Some hot starts don't seem so crazy

"You're crazy."

It's a statement naysayers frequently sling back at prognosticators, disputing their bold forecasts with similar dismissiveness to what fantasy owners directed toward Washington Nationals pitchers during their preseason drafts. That is, any Nationals pitcher not named Stephen Strasburg.

"Crazy" can take on many forms, however. There's such wild, "crazy" statements as, "Wade Davis will have a better fantasy season than Tim Lincecum," or "This is the year Delmon Young breaks through with 40-plus homers."

Or, the "crazy" questions we field countless times at this early stage of the season, like "Is so-and-so-hot-starting-player going to maintain his current 68-homer pace?" or "Should I give up on this so-and-so-slow-starter I picked in the third round?"

Sorting out the "crazy" from the somewhat sane isn't an easy task in April, and it's understandable that fantasy owners, sometimes, have itchy trigger fingers. This is to a degree a reactionary game, and knee-jerk decisions are common.

That doesn't, however, mean they're always appropriate.

With only nine days' action in the books, it's still a little early to get a true read on how much the baseball landscape has changed. But looking at the early returns, here are nine observations that hardly seem "crazy":

Nelson Cruz among the league leaders in homers and RBIs: Six of his first seven games came at hitter-friendly Rangers Ballpark, where Cruz batted .286 and clubbed 18 home runs in 2009. Plus, it's not like he wasn't an elite power source last year, hitting 33 homers overall, and if you project his 2009 numbers to a full, uninterrupted season (he missed 15 games on the disabled list in August), it would be 36. And that's despite the fact that Cruz didn't seem at all his usual self even after his return late in the year. If you combine everything he has done from 2008-10, Cruz has appeared in 166 games, batted .281, hit 45 homers, driven in 113 runs and stolen 23 bases, numbers that make him look like a top-25 player overall. Can he get there? He'll need to stay healthy, but it's hardly crazy to say he can.

Brett Gardner a .294 hitter on track for 50-plus steals: No one seemed to give this guy any credit in the preseason, perhaps assuming that the New York Yankees couldn't possibly be content with anything short of an MVP candidate filling Johnny Damon's shoes in left field. Gardner, though, was quite the spark plug in a part-time role for the Yankees last season, and everything in his career profile fits the part of the decent-average, high-steals performer, in other words, a candidate to be to 2010 what Nyjer Morgan was to 2009. Marcus Thames is a threat to swipe starts from Gardner versus left-handers, but considering how often the Yankees use the speedster as a pinch-runner, a run at 50 steals is well within his reach.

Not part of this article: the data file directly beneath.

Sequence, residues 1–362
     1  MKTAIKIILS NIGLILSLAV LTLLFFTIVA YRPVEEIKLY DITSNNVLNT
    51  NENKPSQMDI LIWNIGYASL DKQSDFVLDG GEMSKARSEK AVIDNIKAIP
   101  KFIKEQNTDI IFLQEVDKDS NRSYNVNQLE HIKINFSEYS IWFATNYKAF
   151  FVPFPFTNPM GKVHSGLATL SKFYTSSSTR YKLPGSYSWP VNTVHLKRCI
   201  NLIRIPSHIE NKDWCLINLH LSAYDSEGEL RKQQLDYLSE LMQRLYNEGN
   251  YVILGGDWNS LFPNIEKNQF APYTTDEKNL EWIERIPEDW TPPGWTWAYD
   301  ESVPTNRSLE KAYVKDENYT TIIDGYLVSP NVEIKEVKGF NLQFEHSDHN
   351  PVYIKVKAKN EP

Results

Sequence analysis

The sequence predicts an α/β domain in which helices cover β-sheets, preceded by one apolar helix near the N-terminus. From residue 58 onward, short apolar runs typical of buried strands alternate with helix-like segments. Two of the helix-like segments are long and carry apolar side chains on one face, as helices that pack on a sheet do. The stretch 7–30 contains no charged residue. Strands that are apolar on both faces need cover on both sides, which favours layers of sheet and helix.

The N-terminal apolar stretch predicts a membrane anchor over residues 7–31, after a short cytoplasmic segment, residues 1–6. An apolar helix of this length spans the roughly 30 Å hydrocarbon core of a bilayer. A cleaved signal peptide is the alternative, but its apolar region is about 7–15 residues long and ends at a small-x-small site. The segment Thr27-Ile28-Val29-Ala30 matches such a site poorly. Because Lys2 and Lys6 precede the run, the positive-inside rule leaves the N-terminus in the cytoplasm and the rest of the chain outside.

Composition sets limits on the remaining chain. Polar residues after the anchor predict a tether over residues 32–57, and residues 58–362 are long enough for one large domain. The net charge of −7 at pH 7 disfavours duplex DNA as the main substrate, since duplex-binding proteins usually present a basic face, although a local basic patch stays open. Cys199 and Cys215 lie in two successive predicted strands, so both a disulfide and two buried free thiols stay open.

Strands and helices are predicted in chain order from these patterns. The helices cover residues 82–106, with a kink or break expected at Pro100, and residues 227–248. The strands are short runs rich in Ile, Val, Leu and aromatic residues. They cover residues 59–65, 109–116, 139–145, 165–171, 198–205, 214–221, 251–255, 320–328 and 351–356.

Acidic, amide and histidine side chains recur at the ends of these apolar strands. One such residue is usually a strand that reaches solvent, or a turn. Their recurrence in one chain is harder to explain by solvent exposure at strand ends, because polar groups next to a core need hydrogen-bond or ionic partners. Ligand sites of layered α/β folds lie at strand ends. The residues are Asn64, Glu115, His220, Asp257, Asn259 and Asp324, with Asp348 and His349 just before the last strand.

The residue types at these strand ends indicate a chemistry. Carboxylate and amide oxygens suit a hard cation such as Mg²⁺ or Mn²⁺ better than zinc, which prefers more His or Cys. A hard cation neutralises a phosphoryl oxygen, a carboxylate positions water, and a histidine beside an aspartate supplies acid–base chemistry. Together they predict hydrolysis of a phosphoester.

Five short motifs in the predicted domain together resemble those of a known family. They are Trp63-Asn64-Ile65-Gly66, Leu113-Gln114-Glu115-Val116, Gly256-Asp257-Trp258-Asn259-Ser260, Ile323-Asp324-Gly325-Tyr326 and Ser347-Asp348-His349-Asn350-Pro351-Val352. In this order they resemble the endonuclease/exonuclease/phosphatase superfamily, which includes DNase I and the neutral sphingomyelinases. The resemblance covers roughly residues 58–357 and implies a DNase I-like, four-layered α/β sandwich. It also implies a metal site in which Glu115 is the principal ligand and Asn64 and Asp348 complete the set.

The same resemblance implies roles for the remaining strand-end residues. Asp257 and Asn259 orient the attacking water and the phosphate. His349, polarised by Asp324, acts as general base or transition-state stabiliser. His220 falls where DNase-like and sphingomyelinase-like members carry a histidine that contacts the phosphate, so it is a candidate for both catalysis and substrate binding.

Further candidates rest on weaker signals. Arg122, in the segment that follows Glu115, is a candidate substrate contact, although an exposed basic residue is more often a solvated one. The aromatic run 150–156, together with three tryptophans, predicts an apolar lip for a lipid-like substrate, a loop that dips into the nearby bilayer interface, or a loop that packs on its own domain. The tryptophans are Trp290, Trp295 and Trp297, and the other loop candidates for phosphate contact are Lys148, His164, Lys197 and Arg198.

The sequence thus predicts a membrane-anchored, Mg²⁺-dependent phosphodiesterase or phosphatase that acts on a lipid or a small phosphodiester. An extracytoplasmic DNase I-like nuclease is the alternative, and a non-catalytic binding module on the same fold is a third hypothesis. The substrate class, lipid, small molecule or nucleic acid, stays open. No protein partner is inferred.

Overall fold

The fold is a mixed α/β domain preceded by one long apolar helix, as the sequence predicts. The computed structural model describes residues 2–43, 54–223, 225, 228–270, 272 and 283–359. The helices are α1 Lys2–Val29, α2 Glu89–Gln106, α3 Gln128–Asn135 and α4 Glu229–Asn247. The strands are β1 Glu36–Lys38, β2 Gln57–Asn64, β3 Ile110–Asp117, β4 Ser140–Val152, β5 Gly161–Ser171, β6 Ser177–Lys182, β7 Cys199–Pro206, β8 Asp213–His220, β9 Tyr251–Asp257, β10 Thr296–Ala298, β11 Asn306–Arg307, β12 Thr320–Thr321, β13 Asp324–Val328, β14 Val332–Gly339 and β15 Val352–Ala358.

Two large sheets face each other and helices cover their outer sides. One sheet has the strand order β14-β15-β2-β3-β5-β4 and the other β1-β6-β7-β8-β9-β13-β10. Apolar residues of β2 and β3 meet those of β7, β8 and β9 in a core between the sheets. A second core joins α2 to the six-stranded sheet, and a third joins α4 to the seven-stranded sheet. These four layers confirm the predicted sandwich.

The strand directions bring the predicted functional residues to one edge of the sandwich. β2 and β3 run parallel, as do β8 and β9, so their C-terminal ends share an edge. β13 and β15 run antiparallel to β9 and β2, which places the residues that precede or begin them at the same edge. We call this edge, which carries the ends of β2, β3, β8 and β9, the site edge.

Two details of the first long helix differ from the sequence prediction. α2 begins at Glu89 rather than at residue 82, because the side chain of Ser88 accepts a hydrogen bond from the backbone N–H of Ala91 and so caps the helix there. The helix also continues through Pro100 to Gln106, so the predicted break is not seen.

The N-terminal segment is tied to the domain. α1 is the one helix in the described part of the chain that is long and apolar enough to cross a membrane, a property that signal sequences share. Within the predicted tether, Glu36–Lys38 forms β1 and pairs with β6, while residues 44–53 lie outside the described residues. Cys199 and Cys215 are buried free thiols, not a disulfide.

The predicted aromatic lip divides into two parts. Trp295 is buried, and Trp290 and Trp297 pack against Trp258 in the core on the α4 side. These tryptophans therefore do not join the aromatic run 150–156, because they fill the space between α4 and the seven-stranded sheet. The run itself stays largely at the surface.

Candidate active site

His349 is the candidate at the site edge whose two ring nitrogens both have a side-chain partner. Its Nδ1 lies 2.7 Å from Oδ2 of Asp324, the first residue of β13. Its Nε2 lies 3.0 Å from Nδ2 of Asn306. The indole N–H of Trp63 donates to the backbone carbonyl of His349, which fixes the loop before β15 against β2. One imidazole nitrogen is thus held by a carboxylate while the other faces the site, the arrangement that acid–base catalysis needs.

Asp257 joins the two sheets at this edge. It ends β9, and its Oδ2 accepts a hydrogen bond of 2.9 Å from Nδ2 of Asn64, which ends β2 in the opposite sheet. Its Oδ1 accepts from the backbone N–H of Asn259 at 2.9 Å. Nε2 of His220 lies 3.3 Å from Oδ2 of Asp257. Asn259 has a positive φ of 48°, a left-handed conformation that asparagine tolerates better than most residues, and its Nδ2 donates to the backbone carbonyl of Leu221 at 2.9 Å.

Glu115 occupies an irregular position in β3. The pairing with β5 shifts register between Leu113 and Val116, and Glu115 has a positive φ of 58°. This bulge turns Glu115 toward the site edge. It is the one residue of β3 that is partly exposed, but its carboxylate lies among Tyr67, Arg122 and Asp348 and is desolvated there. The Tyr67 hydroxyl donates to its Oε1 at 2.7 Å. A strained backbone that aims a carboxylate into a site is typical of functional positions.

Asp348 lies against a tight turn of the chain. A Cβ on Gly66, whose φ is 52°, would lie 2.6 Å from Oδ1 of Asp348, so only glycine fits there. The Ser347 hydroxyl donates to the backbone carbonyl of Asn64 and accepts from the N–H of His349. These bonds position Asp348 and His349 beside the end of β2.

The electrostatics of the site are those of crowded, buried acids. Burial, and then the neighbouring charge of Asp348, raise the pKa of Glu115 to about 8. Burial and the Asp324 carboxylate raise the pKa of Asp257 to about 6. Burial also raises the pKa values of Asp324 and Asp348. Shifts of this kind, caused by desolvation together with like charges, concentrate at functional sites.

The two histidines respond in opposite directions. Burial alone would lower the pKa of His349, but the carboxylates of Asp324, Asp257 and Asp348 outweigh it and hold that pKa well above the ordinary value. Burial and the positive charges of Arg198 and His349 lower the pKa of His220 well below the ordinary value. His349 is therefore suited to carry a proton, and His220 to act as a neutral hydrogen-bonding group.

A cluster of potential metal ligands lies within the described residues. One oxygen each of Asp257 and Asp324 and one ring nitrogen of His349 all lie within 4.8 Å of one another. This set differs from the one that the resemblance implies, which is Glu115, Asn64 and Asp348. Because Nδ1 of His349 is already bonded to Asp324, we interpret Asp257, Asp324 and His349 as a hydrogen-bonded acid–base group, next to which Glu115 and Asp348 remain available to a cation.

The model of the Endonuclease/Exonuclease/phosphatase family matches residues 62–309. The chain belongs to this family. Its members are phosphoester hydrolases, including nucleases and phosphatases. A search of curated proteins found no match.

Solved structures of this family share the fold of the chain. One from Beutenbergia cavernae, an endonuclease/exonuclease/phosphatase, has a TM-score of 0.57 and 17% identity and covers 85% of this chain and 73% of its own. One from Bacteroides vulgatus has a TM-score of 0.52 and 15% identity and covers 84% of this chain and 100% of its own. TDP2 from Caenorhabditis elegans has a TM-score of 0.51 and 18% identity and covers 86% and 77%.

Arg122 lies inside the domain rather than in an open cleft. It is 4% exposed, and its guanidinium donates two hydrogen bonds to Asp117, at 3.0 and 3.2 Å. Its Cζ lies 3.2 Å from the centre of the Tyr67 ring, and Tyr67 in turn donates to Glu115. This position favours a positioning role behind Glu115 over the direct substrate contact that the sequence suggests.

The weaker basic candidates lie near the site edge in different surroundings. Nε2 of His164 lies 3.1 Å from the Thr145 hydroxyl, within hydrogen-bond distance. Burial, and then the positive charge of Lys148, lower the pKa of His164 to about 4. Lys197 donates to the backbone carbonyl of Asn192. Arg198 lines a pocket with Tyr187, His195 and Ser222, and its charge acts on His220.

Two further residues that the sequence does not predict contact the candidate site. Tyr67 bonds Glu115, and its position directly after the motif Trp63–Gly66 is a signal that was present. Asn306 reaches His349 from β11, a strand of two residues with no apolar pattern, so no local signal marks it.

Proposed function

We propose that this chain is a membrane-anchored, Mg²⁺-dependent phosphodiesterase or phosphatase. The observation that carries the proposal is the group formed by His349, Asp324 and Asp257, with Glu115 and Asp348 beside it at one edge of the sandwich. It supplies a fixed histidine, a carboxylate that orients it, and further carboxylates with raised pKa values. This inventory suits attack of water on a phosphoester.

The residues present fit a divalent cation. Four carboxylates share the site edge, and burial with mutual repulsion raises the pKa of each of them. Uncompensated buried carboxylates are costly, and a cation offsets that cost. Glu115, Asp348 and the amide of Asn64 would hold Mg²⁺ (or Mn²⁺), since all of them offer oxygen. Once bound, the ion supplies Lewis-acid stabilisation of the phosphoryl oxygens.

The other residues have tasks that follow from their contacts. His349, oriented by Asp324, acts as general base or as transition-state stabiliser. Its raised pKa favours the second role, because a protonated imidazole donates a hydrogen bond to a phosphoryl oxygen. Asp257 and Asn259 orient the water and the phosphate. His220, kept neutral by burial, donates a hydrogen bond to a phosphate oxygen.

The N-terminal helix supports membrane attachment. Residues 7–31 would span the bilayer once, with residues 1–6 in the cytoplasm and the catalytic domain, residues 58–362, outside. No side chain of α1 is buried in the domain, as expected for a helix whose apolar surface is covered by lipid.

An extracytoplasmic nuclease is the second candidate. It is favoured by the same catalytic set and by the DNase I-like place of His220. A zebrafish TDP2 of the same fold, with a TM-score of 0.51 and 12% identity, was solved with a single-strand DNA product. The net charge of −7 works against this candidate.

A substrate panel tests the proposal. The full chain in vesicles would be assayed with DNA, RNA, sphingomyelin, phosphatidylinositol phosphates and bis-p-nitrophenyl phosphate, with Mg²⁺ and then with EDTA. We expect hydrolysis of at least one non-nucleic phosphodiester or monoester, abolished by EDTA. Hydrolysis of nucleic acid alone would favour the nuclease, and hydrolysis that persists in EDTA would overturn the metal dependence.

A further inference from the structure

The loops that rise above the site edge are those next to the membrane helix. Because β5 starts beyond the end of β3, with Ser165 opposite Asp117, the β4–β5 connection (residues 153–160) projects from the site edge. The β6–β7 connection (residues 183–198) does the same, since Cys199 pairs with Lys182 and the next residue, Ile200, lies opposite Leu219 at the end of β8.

Vladimir Guerrero a top-50 fantasy hitter: Top 50 might border on "crazy," but would anyone be entirely shocked if he mounts a serious challenge for that status? Certainly in his home games he'll possess that type of value, after going 12-for-24 in the season-opening homestand to raise his lifetime batting average at Rangers Ballpark to .406. Health is Guerrero's primary obstacle, but the designated hitter role should protect him somewhat, and he's in about the most favorable circumstance he could for fantasy success.

Chase Headley a top-10 fantasy third baseman: Picking Headley for that status at the position is an effective endorsement of him as a candidate to bat .300, as he did during his minor league career (.301), but should anyone be shocked if he does? Focusing the microscope upon him, Headley batted .293 after the All-Star break, .319 during spring training and .448 during his first seven games of 2010. He's a much better hitter than people give him credit.

Scott Podsednik again a solid source of stolen bases: Through nine days of the 2010 season, Podsednik is tied for the big league lead in the category, and while forecasting him to maintain that lead is a statement that indeed is crazy, why can't he at least mount a challenge for top-10 status in that department? He did swipe 30 bags a year ago, and 40 or more on four occasions previously in his career. When examining Podsednik, I can't help but draw back to my comments of Jan. 11, when he initially signed with the Kansas City Royals: "Podsednik will be hard-pressed to repeat 2009's .304 batting average, as that was largely driven by an unreasonably high .300 BABIP on ground balls, 36 points higher than his career mark in the category. Adjust that number to his career norms and he's more of a .280-hitting, .340-OBP type, which is a much more appropriate expectation and more likely to result in a 20- to 25-steal campaign." Perhaps those numbers today could be boosted to .290, .360 and 30, but what's bad about that?